Spivak, C. D. (Charles D.), 1861-1927
A Jewish Immigrant from Tsarist Russia, Spivak pursued medicine out of a desire to be of service to humanity. In 1896, when his wife Jennie showed signs of incipient tuberculosis, Spivak moved their young family to Denver to take advantage of Colorado’s reputation as the World’s Sanatorium. Spivak's concern for the indignant consumptives he saw flooding into the state led to his founding the Jewish Consumptives’ Relief Society (JCRS), a sanatorium dedicated to the care of all, even those in the advanced stages of TB. Spivak also ensured that the primarily Eastern European Jewish patients were cared for in an environment that respected their culture- unlike many such institutions, the JCRS featured a kosher kitchen and observed the Jewish Sabbath and holidays. Dr. Spivak was also an associate professor of medicine at the University of Denver from 1896-1901.
CitationLeḳsiḳon fun der nayer Yidisher liṭeraṭur, 1965 (Spiṿaḳ, Ḥayim; d. 10-16-1927; b. as Ḥayim-Ḥayḳl Spiṿaḳoṿsḳi; d. in Denver, Colorado) Yehoash. Idish ṿerṭerbukh, 1926: t.p. (Dr. Ḥayim Spiṿaḳ) t.p. verso (Dr. C. D. Spivak [in rom.]) Who's who in American Jewry, 1926 (Spivak, Charles; physician, author; b. 12-25-1861, Krementschug, Russia).
Found in 129 Collections and/or Records:
Overview Typed letter from C.D. Spivak to H. Schwatt replying to his request to inform the Admission and Dismission Committee about the extension for the following patients: Miss Winograd, Mrs. Zaretzky, Mr. Blauweis, Mr. Rosner, and Mr. Hurwitz. Spivak informs Schwatt that the Admission and Dismission Committee carefully considered his request, but has decided to not grant the extension for any of the patients. The committee states that the applicant numbers are constantly increasing with urgent cases....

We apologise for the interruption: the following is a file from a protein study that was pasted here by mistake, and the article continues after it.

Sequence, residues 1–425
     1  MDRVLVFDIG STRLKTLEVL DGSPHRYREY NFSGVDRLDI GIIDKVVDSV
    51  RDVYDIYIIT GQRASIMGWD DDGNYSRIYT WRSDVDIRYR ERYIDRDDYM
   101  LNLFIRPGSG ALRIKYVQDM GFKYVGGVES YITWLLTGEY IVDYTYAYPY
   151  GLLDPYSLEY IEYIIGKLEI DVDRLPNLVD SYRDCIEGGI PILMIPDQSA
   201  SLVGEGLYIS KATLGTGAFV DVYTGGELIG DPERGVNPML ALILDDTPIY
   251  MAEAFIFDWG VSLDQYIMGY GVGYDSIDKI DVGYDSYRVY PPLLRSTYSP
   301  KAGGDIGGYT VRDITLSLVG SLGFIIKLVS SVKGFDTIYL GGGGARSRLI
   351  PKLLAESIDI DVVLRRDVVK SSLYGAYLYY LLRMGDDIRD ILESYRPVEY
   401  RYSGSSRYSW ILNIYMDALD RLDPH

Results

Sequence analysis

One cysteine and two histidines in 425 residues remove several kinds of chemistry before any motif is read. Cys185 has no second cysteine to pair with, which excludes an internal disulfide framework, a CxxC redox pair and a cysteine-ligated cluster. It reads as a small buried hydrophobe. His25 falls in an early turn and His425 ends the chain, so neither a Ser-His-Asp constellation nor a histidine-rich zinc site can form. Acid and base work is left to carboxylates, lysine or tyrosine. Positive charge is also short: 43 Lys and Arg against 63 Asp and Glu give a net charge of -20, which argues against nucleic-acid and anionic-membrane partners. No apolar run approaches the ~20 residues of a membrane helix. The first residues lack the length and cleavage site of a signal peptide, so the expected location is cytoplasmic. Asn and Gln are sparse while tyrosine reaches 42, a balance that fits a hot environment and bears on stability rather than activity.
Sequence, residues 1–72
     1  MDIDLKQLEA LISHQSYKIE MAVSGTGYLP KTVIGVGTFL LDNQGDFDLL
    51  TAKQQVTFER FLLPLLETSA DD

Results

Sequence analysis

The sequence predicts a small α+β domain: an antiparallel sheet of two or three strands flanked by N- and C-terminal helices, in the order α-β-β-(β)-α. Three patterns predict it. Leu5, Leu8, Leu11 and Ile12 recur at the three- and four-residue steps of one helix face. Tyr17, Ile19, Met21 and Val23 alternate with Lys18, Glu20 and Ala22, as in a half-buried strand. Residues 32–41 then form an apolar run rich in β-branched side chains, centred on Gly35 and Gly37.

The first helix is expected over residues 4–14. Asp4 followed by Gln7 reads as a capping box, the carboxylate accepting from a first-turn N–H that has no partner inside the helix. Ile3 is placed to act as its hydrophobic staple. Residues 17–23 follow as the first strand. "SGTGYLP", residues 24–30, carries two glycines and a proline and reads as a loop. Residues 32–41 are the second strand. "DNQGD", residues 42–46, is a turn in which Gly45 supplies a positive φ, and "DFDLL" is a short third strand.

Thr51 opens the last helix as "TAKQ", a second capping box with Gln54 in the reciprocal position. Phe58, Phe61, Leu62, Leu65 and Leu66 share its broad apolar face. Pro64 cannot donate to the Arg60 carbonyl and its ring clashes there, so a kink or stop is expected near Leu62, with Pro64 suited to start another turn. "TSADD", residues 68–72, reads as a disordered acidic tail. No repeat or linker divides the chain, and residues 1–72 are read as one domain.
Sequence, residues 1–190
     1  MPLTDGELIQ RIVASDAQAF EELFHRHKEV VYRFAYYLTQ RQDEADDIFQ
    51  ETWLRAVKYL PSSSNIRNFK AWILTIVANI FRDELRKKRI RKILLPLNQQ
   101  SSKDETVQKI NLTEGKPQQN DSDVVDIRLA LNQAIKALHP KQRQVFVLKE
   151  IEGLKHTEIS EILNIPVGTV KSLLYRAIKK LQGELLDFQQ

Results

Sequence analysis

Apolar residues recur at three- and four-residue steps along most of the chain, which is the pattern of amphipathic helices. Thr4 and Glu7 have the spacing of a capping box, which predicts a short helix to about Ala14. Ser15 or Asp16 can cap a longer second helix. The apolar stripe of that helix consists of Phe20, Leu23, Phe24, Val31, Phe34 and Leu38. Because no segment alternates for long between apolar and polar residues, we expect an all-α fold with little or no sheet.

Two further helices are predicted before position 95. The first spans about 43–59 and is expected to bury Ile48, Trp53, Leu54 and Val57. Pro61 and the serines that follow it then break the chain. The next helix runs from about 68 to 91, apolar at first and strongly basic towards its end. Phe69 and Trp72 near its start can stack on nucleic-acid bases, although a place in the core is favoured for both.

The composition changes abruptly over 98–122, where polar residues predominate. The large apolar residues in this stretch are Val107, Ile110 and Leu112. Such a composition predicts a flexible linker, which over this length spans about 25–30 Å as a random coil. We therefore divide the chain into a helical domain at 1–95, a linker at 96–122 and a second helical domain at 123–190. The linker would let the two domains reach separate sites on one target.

Overview Letter from C.D. Spivak to H. Schwatt. Spivak tells Schwatt that he will have to submit the matter to the Admission and Dismission Committee. Spivak tells Schwatt that he does not know what to do with her because there is no one else that can take care of her. Spivak hopes Schwatt meets with him and the committee to come to a decision.
Overview Letter from C.D. Spivak to H. Schwatt. Spivak tells Schwatt that since JCRS has not discharged Isaac Pfeffer he cannot give Pfeffer a letter of discharge "simply to please him."
Overview Letter from C.D. Spivak to H. Schwatt. Spivak tells Schwatt that he has written to H. Aaronson, J. Meyerowitz, and I. Schwartz about the fact that they were recommended for discharge from the sanatorium on November 24, 1911. Their discharge date is December 25, 1911.
Overview Letter from C.D. Spivak to H. Schwatt. Spivak tells Schwatt that he wrote to H. Aaronson regarding his discharge from the sanatorium. Aaronson’s stay will terminate on March 1, 1912.
Overview Letter from C.D. Spivak to H. Schwatt. Spivak tells Schwatt to refer back to a letter Schwatt sent him on April 1st and note that Aaronson is not listed on the letter as patient recommended for discharge. Spivak tells Schwatt that he is sending Aaronson a letter of discharge for May 31st, 1912.
Overview Letter from C.D. Spivak to H. Schwatt. Spivak informs Schwatt that the Admission and Dismission Committee has extended Reeder’s stay at the sanatorium for two months.
Overview Letter from C.D. Spivak to H. Schwatt informing him that Mrs. Tillie Spiro's and Mrs. Minnie Greenberg's stay at the sanatorium expires on June 1st, 1911.
Overview Typed letter from C.D. Spivak to H. Schwatt. Spivak tells Schwatt that he wrote to Wigatow to inform him that his stay at the sanatorium has been terminated and he must leave by Friday, March 29th.
Overview Typed letter from C.D. Spivak to H. Schwatt. Spivak informs Schwatt that Mrs. Leitman's stay at the sanatorium expires on December 1, 1910.